Brian’s engine house

“You can salvage that vintage Polystyrene N scale clear jewel case!

If you have ever been frustrated by both the beauty, and frailty, of those vintage Rivarossi and similar N scale polystyrene jewel cases, this might offer a solution.

All too often they are crushed, corners snapped, split, or broken and crumbling. It was a cruel fate offered to the poor one that sat at the bottom of the box which housed all those trains in jewel cases. The usual remedy was to tape it with some poor choice alternative. Masking tape which either turns to crystals or mush, depending on the day of the week, or clear cheap tape that dried to stone. That, or you ended up buying that odd lot to get the one good lid, nesting liner, and the locomotive identification card that was saved and spared because of a case that did not suffer some cruel fate or damage.

But I have found a partial remedy. PVC and CPVC clear cement can work wonders. The Oatey brand, available in the states is a good example, although I am sure there are others.

If you have all the pieces, carefully place them together. If needed, support the joint beneath and underneath with wax paper and then some blue painter’s tape. Grab a couple flat toothpicks and carefully apply a few thins wipes of the glue. Thin is better. It won’t shrink, dries quicker, and is easier to work with. Don’t pull more than once or twice, as it sets quickly. And it will start to get ugly. Like a choppy sea, instead of a smooth lake on a still day.

I have found that three or four thin applications over several hours is best. Don’t place it on the inside edges where the case lid meets the base upper edges. And if you get too much, very careful scraping with a sharp X-Acto blade can remedy that.

Will it have the beauty of the original? No. Will it look as good as it did the day you brought it home? No. Will it have the original dimensional stability, it never really did? No, and I would not drive the family sedan over it or support your favorite two-wheel with it either.

But, it will keep it together. It can prevent further deterioration, and help secure that valuable (or invaluable) gem and its contents. Besides, there is nothing like a snoot full of tetrahydrofuran and acetone to get you going on those cold mornings. (No, not serious, do work with good ventilation and avoid breathing the stuff.)

I hope this helps. And to all those other contributors, thank you for your wonderful ideas.

All the best.


“Hi Al, progress on my friends two stall engine house. (54 hours of work so far).

Putting and positioning the painted details inside. Castings from my “bits box” all painted and weathered.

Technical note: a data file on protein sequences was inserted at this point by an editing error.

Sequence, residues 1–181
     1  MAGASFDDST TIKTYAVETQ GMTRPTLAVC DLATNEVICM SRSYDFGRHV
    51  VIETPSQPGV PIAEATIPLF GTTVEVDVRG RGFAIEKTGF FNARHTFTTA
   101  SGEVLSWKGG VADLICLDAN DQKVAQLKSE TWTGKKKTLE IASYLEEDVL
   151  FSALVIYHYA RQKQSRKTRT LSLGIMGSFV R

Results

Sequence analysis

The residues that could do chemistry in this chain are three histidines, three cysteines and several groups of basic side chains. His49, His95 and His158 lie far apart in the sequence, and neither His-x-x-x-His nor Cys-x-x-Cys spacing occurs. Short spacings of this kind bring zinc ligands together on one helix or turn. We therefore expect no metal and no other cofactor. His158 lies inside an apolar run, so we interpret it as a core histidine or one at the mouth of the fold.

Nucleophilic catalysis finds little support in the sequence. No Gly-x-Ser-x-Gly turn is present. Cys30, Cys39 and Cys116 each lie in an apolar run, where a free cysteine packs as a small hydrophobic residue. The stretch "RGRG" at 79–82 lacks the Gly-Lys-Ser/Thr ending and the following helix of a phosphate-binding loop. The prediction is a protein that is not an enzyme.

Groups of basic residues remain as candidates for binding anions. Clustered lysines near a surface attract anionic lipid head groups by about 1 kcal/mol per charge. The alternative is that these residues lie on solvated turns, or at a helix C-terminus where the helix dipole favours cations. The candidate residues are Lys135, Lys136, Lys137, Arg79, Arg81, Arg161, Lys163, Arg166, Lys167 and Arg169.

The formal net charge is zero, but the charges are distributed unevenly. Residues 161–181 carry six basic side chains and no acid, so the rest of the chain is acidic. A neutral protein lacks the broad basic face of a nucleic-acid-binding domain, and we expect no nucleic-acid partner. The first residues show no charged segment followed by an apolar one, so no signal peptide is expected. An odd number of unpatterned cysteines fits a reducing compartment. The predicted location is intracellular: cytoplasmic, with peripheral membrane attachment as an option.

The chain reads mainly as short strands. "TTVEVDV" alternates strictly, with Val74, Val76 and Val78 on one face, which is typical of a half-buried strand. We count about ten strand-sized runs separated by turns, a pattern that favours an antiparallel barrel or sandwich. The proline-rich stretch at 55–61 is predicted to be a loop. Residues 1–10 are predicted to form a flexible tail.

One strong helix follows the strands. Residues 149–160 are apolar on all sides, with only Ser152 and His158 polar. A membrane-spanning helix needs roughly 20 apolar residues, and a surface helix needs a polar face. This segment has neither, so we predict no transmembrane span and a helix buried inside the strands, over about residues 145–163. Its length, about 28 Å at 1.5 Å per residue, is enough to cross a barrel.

Then to mount all the interior lighting.

Next step is to weather it and make it look well used (weathered). Note the distressed siding on the walls and the “nail heads” all ready for the weathering process.

All the best and keep up the excellent work.

From a golden key subscriber.


Cape Town South Africa”






I am working with my 7 year old son on our first railroad layout (I never owned a train either). The layout is 4’8″x11′, One section is 4’8″‘x8’ and the other section is 3’x4’8” that is the only way I can get it up the stairs to the attic.

I find your e-mails very useful. Right now I have the layout in my wood shop but I finished a room in our attic complete with finished wall, floor insulation, and heat, where I will soon put it. I plan to do some painting in the wood shop before I bring it up stairs to lay the track and slowly do the scenery.

I have attached a couple pictures of the layout. If anyone has any suggestions for me I would appreciate hearing (or reading) them. Driving cars and trucks are just as important to him so those will not be stationary, or at least not all of them.

I do have one question which is “how do I make the pink foam board look like rocks? Do I use carving tools or something else? And how do I paint them to make them look real? Ok. that is more than one question!

Thank you





Can anyone help Larry? I do enjoy reading the different suggestions and approaches. I’m looking forward to see what comes in.

That’s all for today folks.

Please do keep ’em coming.

And if today is the day you get started on your layout, the Beginner’s Guide is here.



PS Latest ebay cheat sheet is here.

PPS More HO scale train layouts here if that’s your thing.

36 Responses to Brian’s engine house

  1. Morse Fenner says:

    A few years ago I ordered a set of the scenery structers. I can’t remember how to adust the downloaded images to work for HO size.
    Thanks for all your help and I love the tips and everything you send daily.

  2. James Moe says:

    Larry, you can carve the foam with a regular serrated kitchen knife, and paint it with latex paint. Jim

  3. Bob says: